Below is a brief summary of the panel topics and general themes of the discussion. Full write-ups for each panel are linked. Our aim in these write ups is not to simply report a chronological account of the panel, but to synthesize and extend the panel discussions. These panel reports take a position on the topic and offer a set of concrete proposals. We also seek to identify areas of limited knowledge, open questions, and research opportunities. We intend for these documents to inform an audience of researchers, implementers, practitioners, and policy-makers.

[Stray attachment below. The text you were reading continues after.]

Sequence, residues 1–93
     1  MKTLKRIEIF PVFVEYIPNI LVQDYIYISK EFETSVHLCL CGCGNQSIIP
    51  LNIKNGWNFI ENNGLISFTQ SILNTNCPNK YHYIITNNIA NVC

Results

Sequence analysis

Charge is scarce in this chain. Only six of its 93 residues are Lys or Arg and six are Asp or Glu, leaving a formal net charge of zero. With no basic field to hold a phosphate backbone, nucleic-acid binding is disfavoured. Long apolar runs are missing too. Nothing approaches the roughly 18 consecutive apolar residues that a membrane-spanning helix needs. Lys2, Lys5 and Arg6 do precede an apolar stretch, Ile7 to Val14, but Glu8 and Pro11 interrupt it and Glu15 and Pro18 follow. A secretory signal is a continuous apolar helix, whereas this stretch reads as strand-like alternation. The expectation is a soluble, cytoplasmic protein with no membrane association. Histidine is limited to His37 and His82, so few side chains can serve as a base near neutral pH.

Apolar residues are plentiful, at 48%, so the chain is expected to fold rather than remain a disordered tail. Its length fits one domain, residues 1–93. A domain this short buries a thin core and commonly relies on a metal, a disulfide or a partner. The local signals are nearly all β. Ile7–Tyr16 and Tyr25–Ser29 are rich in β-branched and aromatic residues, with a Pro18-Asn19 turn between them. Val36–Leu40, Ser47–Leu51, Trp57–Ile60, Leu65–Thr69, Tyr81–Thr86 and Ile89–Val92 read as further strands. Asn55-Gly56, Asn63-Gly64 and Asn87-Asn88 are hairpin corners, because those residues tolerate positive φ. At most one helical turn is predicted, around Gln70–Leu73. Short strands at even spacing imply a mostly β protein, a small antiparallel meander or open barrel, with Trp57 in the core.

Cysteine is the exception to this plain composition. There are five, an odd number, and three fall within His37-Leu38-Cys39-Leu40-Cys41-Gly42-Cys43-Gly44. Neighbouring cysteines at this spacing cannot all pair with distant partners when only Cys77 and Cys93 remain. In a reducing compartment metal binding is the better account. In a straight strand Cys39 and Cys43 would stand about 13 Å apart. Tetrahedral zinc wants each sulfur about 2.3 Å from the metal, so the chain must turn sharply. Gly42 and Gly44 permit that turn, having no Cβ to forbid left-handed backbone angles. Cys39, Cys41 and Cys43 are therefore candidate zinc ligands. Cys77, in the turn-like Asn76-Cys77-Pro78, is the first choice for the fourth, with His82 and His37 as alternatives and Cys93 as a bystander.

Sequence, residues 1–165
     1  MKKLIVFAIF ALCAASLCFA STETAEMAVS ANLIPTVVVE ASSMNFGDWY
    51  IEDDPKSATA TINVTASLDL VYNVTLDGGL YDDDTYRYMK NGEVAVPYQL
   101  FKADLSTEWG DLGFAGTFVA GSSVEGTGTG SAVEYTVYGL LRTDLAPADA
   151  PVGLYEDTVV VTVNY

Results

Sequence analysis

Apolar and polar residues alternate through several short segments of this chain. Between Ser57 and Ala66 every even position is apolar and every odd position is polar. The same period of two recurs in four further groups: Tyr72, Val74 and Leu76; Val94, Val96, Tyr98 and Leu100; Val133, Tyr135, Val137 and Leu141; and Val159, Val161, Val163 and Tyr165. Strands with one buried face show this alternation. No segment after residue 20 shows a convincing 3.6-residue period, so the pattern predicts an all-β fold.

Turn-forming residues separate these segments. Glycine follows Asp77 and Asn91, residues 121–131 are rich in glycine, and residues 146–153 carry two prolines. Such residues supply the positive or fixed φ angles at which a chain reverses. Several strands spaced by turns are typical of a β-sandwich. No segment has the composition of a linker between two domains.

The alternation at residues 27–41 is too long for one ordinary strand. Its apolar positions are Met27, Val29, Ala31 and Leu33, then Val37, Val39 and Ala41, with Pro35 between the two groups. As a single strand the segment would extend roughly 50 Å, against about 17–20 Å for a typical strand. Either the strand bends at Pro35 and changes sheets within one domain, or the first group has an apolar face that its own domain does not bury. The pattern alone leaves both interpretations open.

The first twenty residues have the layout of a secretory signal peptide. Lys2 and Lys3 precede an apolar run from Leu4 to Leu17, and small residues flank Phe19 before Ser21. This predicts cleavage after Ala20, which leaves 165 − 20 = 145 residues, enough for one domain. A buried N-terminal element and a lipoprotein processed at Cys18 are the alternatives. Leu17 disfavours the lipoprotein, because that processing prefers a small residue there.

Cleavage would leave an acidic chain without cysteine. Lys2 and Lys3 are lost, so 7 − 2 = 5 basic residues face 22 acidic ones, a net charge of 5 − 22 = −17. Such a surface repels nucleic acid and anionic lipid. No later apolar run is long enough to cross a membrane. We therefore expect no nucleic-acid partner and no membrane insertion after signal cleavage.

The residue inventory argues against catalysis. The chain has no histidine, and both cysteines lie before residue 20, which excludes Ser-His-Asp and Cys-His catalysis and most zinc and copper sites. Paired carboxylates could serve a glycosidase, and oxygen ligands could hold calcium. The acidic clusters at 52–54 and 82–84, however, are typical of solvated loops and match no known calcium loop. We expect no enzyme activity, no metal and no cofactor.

Panel 1 was entitled “What a technical ‘fix’ for fairness can and can’t accomplish.” Panelists and audience members discussed specific examples of problems of fairness (and justice), including cash bail in the criminal justice system, “bad faith” search phrases (e.g., the question, “Did the Holocaust happen?”), and representational harm in image-labeling. Panelists noted a key challenge that technology, on its own, is not good at explaining when it should not be used or when it has reached its limits. Panelists pointed out that understanding broader historical and sociological debates in the domain of application and investigating contemporary reform efforts, for example in criminal justice, can help to clarify the place of algorithmic prediction and classification tools in a given domain. Partnering with civil-society groups can ensure a sound basis for making tough decisions about when and how to intervene when a platform or software is found to be amplifying societal biases, is being gamed by “bad” actors, or otherwise facilitates harm to users. [READ REPORT]